Learned Counsel for the petitioners/A1 to A4 would submit that the criminal proceedings initiated against the petitioners in C.C.No.1048 of 2014, are purely abusive of process of Court and the same are liable to be quashed. Even if the entire allegations in the complaint are taken in its entirety, they do not constitute any offence much less the offences alleged against the petitioners/A1 to A4. It is further submitted that the 1st respondent/ complainant, who was the ex-employee of the petitioners/A1 to A4, and who was permitted to stay in the flat in question, hatched a plan to knock away the said flat situated at Hyderabad and thereby lodged a false and frivolous complaint. The intention of the 1st respondent/complainant is to implicate the petitioners/A1 to A4 in a criminal case and to make them to face the ordeal of criminal trial to settle his evil desires. The allegations in the complaint would not satisfy the ingredients of the offences of criminal conspiracy, extortion, forgery, cheating and defamation, but the learned Magistrate has taken cognizance mechanically without application of mind. The petitioners/A1 to A4 have rightly sent an email to the present employer of the 1st respondent/complainant, stating all the misdeeds committed by him and also pendency of criminal proceedings against him. Even assuming that the allegations made in the complaint are true, they are of civil nature and for such civil dispute, the 1st respondent/complainant shall approach the proper civil Court for his alleged redressal. The 1st respondent/complainant approached the criminal Court with unclean hands and for extraneous reasons and in order to wreck vengeance against the petitioners/A1 to A4 for filing criminal case against him at New Delhi, and to knock away the flat, that was given as company accommodation, while he was in service of the Company. None of the allegations alleged would constitute an offence and the learned Magistrate should not have taken cognizance at all, as the intention of the 1st respondent/complainant is only to knock away the flat under the garb of criminal proceedings. In any event, the complaint is unsustainable and its continuation would amount to abuse of process of Court. In support of his contention, he relied on the following judgments of the Apex Court.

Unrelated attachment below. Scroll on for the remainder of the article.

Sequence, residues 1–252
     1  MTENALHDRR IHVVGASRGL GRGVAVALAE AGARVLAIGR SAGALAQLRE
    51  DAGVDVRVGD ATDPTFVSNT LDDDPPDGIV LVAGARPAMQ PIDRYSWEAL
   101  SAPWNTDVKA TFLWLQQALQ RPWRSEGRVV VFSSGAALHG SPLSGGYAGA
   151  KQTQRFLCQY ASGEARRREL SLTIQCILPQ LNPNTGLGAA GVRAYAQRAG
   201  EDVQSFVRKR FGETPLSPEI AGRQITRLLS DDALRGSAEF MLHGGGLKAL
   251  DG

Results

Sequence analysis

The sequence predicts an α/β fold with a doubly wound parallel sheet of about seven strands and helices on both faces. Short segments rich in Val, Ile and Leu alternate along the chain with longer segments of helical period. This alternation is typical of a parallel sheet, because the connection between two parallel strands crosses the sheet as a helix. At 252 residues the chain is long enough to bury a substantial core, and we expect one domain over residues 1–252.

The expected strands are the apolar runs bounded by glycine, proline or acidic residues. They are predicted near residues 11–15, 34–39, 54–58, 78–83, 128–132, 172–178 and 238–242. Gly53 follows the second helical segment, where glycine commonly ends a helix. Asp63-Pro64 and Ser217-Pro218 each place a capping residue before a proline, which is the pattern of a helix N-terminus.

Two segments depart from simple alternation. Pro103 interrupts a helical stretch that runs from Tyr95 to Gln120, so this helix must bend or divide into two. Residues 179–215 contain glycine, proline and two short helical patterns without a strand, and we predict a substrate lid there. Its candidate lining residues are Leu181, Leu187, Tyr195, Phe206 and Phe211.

1. Pepsi Foods Limited and another v. Special Judicial Magistrate and others (1998) 5 SCC 749)